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What? You sprout? Seriously? You are one of “those people”?
Sprouting is only for health crazy folks.
And who has time for it anyway?
Well, Yes, No, and You do.
I do indeed sprout, that is, I place grains, beans, or legumes in a bowl and they do all the hard and wonderful work of sprouting themselves.
No, it is definitely not a habit for health crazy people living in the wilderness and walking barefoot all day, even high tech moms (well, ex-high tech, but still with a high tech husband that treats the sprouts as if they were a snack) can do that, and actually should.
So why sprout? Well, they internet is full of details about that so I won’t waste time here trying to explain what experts in their domain can explain better, i’ll just say that to summarize, it is just healthier to est sprouted grains, beans, or legumes: their nutritional values goes up, they are easier to digest, and they take less time to cook. Win, win, win!
It takes time to sprout? Come on.. The active time I spend on the sprouting process is 2 minutes tops, all the rest of the time is the time when I go to work/family time/my other activities, and all the magic happens by itself, then its ready. Anything simpler than that?!
I admit, you need some planning ahead here, but if you make this a habit, that once a week or every other week you make a big batch of the sprouts you like, then you’ll always have ready sprouts in the freezer (yes, they can be frozen). Perfect!
Where to use? On top of salads (as is), in every other kind of dish you would other wise use the grains, beans, or legumes only here the cooking time will be shorter, or in patties (sprouted lentils, uncooked, are actually the secret base to great patties, check out my version here), or just eat it as a snack straight from the box (if you are my husband).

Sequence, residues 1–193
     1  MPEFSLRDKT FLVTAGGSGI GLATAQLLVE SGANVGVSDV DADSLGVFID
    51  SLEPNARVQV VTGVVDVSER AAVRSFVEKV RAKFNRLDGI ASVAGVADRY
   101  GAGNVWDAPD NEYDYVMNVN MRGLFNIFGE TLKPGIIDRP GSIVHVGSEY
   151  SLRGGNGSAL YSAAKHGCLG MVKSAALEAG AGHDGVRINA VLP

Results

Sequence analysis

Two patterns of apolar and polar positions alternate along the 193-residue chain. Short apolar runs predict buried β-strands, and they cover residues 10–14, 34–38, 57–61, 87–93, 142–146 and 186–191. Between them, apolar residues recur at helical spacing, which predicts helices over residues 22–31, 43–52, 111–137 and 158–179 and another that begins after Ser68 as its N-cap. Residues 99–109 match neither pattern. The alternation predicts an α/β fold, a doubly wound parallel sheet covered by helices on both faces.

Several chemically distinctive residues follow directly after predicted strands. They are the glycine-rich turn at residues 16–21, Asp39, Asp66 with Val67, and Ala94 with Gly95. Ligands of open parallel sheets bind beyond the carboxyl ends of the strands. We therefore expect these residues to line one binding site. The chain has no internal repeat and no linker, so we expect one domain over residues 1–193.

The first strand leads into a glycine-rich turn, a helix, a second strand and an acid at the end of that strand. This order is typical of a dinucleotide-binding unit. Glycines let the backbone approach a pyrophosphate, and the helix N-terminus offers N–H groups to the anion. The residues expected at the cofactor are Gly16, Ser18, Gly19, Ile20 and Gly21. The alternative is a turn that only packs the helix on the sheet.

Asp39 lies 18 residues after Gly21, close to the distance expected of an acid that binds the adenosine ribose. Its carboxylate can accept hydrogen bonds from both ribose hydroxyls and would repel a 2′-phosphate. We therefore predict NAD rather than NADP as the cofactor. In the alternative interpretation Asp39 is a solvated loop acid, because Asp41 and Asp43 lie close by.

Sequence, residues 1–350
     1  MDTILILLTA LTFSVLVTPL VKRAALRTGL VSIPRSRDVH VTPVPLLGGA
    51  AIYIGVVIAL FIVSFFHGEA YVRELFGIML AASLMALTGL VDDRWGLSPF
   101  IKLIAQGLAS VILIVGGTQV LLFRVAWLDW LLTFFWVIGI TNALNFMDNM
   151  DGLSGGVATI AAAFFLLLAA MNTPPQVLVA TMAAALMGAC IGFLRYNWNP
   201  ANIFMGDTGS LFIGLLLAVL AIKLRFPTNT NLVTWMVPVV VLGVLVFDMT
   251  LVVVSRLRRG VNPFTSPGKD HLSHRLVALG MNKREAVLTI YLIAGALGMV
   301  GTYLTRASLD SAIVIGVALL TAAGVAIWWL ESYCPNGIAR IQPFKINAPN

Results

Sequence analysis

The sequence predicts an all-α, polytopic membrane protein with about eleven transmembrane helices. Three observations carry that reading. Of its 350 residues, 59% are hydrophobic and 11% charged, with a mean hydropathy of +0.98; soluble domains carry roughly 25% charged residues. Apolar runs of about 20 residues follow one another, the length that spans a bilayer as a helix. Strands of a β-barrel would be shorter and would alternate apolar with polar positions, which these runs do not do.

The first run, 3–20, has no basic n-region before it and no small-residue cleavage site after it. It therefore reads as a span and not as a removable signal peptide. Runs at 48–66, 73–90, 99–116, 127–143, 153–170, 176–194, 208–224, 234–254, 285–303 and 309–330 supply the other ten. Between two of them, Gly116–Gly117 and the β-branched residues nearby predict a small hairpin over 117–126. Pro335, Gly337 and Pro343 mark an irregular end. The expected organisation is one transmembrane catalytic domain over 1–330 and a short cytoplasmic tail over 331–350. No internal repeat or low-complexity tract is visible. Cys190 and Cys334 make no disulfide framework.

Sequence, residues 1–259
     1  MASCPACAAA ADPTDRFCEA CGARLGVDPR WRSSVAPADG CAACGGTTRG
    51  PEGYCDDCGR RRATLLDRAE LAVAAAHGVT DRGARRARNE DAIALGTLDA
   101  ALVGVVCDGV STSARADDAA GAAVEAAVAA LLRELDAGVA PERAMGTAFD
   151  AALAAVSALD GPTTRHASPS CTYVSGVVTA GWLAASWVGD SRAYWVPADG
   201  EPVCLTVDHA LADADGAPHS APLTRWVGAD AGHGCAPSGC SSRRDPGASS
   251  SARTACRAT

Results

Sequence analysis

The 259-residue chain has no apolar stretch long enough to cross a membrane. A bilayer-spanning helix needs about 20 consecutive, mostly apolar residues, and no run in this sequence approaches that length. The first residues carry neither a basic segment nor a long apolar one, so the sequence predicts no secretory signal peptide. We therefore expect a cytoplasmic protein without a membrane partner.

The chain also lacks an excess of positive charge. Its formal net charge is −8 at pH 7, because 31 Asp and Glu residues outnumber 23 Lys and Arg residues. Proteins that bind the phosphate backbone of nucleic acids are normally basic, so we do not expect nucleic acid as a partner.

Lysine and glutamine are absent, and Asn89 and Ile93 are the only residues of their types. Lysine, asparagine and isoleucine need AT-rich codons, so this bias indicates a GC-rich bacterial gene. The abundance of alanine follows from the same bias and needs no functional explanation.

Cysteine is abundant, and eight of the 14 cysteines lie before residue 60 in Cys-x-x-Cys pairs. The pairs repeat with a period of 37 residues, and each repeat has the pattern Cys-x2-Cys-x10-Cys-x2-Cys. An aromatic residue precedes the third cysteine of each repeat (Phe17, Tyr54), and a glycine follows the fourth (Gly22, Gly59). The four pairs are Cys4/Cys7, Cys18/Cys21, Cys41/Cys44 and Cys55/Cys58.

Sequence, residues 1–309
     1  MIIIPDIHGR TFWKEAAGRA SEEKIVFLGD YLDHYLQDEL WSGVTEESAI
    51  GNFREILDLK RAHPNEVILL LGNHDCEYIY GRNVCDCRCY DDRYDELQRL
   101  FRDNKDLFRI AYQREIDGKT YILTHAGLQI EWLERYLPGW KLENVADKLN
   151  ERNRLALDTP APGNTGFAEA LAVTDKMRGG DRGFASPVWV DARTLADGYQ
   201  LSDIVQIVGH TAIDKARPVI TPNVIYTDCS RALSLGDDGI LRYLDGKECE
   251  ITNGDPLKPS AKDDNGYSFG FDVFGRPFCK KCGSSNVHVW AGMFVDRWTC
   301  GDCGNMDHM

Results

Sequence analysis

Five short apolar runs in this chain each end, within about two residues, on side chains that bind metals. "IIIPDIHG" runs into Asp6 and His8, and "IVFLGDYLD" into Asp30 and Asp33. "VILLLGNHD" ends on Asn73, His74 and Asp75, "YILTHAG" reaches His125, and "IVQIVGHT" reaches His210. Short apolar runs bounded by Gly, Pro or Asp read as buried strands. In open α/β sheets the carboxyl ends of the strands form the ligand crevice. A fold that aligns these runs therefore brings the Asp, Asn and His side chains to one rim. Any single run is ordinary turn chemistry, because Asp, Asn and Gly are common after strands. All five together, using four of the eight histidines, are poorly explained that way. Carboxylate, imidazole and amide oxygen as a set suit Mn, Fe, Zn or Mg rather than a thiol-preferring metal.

You could sprout all kinds of grains, beans, and legumes (pay attention that you buy whole lentils, as the split ones, like the red lentils usually are, will not sprout). I recommend to start with the easy ones (such that are less likely to get rotten quickly), to practice on them, which are mung beans, or brown/green lentils.
The process (using lentils as example):
Place one cup on lentils in a bowl and cover with water (it is recommended to rinse the lentils in fresh water prior to soaking them), and leave on the counter for 12 hours.
Drain the soak water and place the lentils inside a sieve, placed over a bowl (empty bowl). Place the bowl, with the sieve on it, covered with a clean kitchen towel, in a rather dark place (pantry or a kitchen cupboard) for 12 hours.
Rinse the lentils, make sure you drain the water well, mix them gently to make sure there isn’t a rotten one among them that will ruin all of them, and place back in a dark place.
After another 12 hours you should see the beginning of the sprouts. You can repeat the process above or stop now.
Keep in an air-tight container in the fridge for a few days, or in the freezer for longer term.
Use as a snack, combine in your daily cooking, and tell anyone that would listen that you are one of those sprouting practicing folks 🙂 .
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